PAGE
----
A 10-second FBI video clip of two top Ramsey County sheriff's aides stashing $6,000 in purported drug money is either evidence of corruption or a stupid practical joke, according to opening statements in their federal trial Tuesday.
"Our criminal justice system fails when those who are charged with enforcing our laws act corruptly," Assistant U.S. Attorney Joe Dixon said in his 30-minute opening statement to 16 jurors.
St. Paul Police Inspector Timothy Rehak and Mark Naylon, Ramsey County Sheriff Bob Fletcher's public information officer, face identical eight-count federal indictments for two "integrity" tests in November 2004 and July 2005. Both have been on paid leave since last summer.
They are accused of six counts each of "honest services" wire fraud, depriving state citizens of their honest services. Each is also accused of stealing government money and conspiring to violate the civil rights of a person. U.S. District Judge Patrick Schiltz said he will push to wrap up the case by next Friday.
Defense lawyer Kevin Short, who is representing Rehak, told jurors the case has nothing to do with police corruption. He admitted that it was "stupid" for the two men to play "a practical joke with search warrant procedure."
However, Short maintained that the two men's act was nothing more than a joke and that they never intended to steal the money.
Rehak, a police officer since 1986, was assigned in 2004 to work for Fletcher's special investigations unit. Dixon said Rehak's friend and one-time neighbor Naylon also worked in that capacity even though he was a public information officer and not a licensed peace officer.
In October 2004, the FBI received information on Rehak, Dixon said. Working with an informant who faced a long prison sentence for drug charges, the FBI designed a test in which officers can either "act corruptly or lawfully," Dixon said.
The informant called Rehak and told him that a drug dealer named Vincent (Vinny) Pellagatti from Chicago was in custody in Wisconsin, but wanted to get at drugs and money stashed in room 503 at the Kelly Inn, near the State Capitol.
Both sides say Rehak responded to the informant by saying, "Let me see if I can't scarf that out of here."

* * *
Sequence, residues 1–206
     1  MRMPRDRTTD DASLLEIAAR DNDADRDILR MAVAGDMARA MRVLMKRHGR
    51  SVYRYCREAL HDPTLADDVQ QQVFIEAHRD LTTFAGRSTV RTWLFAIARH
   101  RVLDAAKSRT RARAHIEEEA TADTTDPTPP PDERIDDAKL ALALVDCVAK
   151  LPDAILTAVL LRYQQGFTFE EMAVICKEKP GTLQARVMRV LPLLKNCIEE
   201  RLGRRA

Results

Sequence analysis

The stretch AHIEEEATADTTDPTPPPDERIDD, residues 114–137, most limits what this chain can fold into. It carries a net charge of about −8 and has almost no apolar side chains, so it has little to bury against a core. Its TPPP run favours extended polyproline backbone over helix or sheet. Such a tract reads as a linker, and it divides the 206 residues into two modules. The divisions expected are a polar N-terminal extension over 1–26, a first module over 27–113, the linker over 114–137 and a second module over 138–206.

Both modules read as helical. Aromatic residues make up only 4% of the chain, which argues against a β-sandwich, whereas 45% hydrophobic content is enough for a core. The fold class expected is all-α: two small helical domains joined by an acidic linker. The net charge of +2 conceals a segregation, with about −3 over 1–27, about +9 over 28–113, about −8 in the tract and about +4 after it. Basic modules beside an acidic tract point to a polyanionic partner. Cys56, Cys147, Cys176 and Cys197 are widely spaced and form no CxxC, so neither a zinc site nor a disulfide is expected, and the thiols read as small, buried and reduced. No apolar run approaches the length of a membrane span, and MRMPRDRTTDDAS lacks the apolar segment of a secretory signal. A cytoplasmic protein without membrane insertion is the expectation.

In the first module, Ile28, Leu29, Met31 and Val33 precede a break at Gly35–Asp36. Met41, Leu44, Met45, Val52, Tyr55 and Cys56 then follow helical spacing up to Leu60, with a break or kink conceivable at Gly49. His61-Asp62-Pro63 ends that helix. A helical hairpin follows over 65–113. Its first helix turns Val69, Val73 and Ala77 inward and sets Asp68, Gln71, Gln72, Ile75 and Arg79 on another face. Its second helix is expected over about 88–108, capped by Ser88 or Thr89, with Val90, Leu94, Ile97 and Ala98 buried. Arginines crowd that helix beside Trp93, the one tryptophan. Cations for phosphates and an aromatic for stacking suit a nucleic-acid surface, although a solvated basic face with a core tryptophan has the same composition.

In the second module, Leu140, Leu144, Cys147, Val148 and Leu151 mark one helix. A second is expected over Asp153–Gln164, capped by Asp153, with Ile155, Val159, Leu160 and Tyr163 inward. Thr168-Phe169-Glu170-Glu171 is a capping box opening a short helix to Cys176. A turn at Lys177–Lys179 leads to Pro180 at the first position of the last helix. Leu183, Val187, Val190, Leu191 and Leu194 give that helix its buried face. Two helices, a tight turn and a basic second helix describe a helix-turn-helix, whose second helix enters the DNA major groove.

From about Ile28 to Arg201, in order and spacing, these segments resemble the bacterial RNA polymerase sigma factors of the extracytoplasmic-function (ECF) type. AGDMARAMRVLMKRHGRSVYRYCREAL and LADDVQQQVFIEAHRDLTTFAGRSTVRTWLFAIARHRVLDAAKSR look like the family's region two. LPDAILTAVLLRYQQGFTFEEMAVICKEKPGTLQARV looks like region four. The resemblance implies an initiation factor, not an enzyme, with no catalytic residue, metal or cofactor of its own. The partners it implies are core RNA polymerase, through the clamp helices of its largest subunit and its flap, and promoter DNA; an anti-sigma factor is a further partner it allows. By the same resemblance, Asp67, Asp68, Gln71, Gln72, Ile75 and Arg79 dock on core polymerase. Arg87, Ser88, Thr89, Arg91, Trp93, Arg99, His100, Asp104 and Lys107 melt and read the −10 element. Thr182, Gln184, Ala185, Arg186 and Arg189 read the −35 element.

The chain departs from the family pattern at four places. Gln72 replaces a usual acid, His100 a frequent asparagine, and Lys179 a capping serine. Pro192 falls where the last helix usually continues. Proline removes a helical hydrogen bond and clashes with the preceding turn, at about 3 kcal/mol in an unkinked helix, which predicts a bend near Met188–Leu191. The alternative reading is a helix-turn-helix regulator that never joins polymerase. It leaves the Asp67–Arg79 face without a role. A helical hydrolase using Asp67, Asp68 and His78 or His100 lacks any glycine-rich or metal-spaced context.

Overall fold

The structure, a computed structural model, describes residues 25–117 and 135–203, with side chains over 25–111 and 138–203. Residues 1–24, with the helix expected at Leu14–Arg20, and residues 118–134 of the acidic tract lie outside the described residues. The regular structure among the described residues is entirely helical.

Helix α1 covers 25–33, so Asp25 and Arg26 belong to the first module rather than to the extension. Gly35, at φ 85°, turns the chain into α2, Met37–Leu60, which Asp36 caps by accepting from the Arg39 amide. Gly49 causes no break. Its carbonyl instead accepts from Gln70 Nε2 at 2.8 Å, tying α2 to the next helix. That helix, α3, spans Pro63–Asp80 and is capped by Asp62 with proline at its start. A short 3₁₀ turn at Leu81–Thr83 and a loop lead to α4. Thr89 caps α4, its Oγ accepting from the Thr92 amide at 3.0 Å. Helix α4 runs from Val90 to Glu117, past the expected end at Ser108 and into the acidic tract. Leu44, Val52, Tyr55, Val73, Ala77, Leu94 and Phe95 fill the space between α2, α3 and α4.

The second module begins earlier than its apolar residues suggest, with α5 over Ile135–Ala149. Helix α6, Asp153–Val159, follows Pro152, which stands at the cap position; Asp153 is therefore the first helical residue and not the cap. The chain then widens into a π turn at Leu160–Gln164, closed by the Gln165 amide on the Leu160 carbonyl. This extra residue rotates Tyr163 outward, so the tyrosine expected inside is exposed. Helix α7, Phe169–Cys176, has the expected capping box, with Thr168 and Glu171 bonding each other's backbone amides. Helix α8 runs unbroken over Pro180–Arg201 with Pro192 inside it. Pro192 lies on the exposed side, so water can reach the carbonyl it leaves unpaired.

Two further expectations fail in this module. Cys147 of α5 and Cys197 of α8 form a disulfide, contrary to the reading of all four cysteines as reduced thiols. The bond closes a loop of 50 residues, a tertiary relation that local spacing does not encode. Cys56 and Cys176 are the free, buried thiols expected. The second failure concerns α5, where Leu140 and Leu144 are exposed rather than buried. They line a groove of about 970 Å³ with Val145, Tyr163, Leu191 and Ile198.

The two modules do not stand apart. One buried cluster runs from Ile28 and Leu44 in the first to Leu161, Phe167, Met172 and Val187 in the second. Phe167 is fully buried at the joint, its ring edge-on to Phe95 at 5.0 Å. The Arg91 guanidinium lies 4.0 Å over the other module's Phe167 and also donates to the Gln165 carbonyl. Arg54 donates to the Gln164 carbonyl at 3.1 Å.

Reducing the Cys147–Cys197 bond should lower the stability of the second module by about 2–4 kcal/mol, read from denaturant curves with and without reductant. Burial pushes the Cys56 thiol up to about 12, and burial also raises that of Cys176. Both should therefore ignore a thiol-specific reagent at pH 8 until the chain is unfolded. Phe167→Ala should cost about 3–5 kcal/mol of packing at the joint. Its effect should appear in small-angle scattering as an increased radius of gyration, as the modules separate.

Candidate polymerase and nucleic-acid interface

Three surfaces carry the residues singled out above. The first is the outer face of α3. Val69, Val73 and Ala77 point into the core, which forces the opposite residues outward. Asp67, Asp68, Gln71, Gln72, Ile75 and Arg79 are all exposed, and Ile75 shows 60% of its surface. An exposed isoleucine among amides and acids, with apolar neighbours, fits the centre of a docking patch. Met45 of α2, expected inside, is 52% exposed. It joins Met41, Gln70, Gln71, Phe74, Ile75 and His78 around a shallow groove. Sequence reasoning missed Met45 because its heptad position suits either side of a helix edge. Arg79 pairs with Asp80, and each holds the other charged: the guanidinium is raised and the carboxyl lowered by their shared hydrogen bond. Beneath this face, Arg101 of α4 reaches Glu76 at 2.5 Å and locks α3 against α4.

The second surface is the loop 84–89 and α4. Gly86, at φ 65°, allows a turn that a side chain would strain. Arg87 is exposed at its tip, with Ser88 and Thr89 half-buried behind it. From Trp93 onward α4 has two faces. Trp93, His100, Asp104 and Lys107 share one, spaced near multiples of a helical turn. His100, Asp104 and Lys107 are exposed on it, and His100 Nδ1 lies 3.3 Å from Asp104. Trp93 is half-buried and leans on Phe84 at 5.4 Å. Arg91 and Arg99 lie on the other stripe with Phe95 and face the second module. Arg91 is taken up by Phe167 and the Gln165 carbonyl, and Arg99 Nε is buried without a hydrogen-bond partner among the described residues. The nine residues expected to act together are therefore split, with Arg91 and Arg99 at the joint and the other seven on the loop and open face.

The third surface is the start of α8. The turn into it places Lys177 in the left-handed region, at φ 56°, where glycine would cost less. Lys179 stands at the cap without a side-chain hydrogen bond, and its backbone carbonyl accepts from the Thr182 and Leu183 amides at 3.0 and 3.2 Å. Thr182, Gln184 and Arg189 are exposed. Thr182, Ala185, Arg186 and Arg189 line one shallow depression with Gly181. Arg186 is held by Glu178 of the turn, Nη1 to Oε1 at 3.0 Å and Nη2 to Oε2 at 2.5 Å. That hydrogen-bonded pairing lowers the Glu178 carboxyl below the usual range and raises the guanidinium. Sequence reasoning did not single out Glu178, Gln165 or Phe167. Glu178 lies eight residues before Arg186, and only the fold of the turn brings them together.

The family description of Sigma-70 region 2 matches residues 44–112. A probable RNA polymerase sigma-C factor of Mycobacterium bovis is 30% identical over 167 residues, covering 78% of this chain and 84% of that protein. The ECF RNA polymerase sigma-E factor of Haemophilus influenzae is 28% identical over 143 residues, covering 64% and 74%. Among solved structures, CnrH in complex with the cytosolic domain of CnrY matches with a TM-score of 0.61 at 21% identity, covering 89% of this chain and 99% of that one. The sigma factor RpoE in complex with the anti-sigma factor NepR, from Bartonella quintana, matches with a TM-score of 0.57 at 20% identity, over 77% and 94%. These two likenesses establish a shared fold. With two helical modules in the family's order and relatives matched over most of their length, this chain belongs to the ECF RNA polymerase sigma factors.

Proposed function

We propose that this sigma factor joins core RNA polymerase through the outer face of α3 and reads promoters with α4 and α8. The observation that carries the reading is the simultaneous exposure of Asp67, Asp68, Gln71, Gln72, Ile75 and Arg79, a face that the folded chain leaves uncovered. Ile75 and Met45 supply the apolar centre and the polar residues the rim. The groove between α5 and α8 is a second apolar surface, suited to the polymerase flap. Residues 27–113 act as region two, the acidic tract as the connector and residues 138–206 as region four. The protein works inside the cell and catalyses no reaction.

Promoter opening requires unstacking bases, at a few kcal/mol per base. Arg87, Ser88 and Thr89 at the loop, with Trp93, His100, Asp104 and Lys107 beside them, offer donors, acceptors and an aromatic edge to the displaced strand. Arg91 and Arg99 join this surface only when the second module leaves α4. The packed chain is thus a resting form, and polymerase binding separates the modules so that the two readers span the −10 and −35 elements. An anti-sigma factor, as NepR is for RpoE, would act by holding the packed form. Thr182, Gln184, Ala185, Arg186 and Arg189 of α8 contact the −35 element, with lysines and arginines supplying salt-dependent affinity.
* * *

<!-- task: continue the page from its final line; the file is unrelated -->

Dixon said the comment was a sign that Rehak was going after the money. Short said it was evidence of an "honest cop" working with a long-time informant to try to make a bust.
In November 2004, federal authorities planted $13,500 in marked bills in a room at the Kelly Inn. They then videotaped Rehak and Naylon pulling the money bag out of a dresser. Naylon motioned to Rehak, who flipped him a fistful of bills. Naylon put them in a pocket. A third deputy was in the bathroom and out of view. When he came out, Rehak and Naylon both helped count and inventory the remaining $7,500.
Later, however, Rehak and Naylon conducted database searches and determined that the alleged drug dealer was fictional. They called the third deputy and told him they had found $6,000 more in a mattress at the hotel, Dixon said. At no point did they tell the man it was a joke, he emphasized.
But Short said the two wanted to mess with the third officer, whom they said had a bloated ego and a penchant for going home early. They wanted to wait until the officer was "home in his footie pajamas" before calling him back to inventory the rest of the money, Short said.
In another integrity check in July 2005, FBI agents placed a large amount of money in a car they recorded as stolen and had the same informant tell Rehak that drugs and money were in the car.
Dixon showed FBI video of Naylon and Rehak entering the vehicle and finding a stash of cash. Rehak is heard on the tape repeating an expletive and saying, "another [expletive] setup."
Naylon says, "Is that what it is? ... So we just [expletive] walk away?"
Rehak says, "They're probably [expletive] watching us."
Dixon and Short both said that Rehak knew a drug dealer wouldn't leave a bag of money and no drugs. They did not take any of the money.
Short said Rehak's behavior was that of a cop looking for a bad guy and that's why he and Naylon conducted surveillance on the vehicle overnight and again the next day.
Paul Rogosheske, who is representing Naylon, did not make an opening statement Tuesday. He said he might wait until today or later in the case. Either way, testimony is expected to begin today.
Schiltz read a list of potential witnesses, including Fletcher, Police Chief John Harrington, former Police Chief Bill Finney and defense attorney Joe Friedberg.
Rochelle Olson • 612-673-1747